Amnesty invites public to give up their guns

Supt Jon Puttock shows some of the guns seized off Lancashire's streets ahead of a weapon amnesty.

Supt Jon Puttock shows some of the guns seized off Lancashire's streets ahead of a weapon amnesty.

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Guns and ammunition can be handed in to police as part of a week-long amnesty which ends next Monday.

It’s been nine years since police last asked members of the public to surrender unlawfully held or unwanted guns and ammunition to help prevent them getting into the wrong hands.

The surrender, in response to a law change in July, is codenamed Operation Holster and will allow owners of antique or unwanted firearms to hand them over without fear of prosecution.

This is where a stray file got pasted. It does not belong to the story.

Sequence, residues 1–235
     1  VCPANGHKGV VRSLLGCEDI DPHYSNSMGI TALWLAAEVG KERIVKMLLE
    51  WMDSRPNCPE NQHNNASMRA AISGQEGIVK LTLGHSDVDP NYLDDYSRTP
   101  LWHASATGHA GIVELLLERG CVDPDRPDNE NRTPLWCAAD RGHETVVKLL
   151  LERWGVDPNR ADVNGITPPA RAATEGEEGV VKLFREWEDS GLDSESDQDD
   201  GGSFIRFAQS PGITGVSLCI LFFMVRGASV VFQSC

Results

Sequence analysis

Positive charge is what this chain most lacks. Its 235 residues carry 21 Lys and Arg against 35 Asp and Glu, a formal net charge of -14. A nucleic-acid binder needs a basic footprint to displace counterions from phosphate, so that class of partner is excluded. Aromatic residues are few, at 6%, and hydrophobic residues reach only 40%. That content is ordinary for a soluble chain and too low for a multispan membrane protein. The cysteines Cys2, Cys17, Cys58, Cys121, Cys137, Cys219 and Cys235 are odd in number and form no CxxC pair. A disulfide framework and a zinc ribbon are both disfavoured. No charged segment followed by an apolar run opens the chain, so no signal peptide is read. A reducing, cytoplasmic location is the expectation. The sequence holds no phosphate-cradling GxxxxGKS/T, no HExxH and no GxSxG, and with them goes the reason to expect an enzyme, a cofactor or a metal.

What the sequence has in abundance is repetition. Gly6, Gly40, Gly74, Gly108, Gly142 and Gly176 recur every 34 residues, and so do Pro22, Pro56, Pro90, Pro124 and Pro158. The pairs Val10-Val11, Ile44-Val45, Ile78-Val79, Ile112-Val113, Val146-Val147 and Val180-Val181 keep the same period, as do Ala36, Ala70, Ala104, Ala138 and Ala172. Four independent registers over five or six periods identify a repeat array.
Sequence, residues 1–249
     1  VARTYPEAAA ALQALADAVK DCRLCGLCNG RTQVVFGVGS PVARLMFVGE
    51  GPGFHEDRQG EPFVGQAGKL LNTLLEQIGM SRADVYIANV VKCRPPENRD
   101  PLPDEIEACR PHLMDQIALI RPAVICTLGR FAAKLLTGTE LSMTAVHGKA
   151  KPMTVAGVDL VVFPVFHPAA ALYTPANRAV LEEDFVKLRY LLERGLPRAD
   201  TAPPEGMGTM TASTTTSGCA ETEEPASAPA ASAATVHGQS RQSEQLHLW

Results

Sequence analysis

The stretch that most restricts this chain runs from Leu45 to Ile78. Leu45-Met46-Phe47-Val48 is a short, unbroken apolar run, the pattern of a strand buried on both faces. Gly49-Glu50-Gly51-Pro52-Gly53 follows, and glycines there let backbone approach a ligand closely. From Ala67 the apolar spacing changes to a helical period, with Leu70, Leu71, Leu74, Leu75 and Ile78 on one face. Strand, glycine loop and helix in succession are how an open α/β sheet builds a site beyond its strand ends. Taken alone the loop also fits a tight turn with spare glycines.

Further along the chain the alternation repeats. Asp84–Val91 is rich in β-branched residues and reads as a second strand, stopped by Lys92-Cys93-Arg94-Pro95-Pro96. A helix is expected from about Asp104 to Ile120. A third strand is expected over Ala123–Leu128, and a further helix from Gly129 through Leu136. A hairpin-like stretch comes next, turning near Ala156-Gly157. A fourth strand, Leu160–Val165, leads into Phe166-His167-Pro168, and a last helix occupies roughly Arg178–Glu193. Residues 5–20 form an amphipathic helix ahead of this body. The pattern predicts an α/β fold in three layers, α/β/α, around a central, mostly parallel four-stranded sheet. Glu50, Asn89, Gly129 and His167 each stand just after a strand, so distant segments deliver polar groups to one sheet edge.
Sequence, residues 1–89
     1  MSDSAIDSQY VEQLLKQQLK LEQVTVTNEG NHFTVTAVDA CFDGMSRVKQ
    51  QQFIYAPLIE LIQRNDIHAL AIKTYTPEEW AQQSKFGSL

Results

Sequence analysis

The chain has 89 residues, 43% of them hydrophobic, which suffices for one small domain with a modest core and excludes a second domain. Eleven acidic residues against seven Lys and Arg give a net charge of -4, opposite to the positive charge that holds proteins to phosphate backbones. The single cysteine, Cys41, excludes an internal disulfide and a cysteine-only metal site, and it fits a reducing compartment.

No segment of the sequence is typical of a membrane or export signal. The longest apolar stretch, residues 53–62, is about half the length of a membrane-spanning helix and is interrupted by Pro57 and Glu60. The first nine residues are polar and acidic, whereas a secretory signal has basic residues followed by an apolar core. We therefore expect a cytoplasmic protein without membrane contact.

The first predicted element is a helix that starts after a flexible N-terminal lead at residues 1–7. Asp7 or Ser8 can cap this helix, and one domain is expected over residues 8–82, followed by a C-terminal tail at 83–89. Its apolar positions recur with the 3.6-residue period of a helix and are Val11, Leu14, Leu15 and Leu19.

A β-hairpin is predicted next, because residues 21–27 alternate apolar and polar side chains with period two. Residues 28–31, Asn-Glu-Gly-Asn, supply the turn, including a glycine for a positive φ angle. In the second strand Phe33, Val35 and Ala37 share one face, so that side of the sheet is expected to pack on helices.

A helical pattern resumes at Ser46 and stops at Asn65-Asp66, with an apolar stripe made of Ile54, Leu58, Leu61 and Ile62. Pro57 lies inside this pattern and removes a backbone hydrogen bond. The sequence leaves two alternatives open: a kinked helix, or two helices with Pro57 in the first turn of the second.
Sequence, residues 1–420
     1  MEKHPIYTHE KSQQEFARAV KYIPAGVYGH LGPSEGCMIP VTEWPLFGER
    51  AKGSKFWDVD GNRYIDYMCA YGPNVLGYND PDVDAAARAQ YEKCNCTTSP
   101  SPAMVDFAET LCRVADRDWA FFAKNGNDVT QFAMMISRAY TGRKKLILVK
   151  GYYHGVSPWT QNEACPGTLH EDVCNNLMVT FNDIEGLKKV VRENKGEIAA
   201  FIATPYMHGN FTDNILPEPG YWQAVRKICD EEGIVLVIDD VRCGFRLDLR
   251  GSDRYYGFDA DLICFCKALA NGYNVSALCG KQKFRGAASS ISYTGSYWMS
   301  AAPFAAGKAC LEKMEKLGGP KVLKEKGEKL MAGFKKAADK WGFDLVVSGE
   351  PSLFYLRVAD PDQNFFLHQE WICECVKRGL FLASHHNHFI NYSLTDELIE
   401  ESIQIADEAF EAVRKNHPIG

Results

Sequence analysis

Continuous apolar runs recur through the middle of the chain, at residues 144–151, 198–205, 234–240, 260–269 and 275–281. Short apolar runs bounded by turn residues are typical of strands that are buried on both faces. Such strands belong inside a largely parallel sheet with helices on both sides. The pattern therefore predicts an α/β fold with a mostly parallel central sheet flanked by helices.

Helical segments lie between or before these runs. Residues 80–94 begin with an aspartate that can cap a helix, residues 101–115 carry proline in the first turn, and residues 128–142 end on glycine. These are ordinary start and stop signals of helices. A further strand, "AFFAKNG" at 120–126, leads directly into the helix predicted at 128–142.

Many firearms may be held in innocence and ignorance of their illegality or may be overlooked or forgotten in people’s homes. This gives holders the chance to dispose of the firearm and ammunition safely by handing it in at a police station.

Superintendent Jon Puttock said: “Police officers are called to attend reports of people seen in public places with firearms on a regular basis.

“Despite the fact that firearms and imitation firearms are often handed into Lancashire Police there are still unlawfully held firearms in the county; be it trophy or antique weapons such as from military conflict, or firearms which people have acquired from a relative.”

Throughout the week, those surrendering firearms will not face prosecution for illegal possession and, if they wish, can remain anonymous.

However, the history of each live weapon will be checked for evidence of its use in crimes. Anyone wishing to hand-in firearms should disarm them and put them in a box or strong bag, putting ammunition in a separate box/bag.

If you know of people involved in illegal firearms activity call police on 101 or Crimestoppers on 0800 555 111.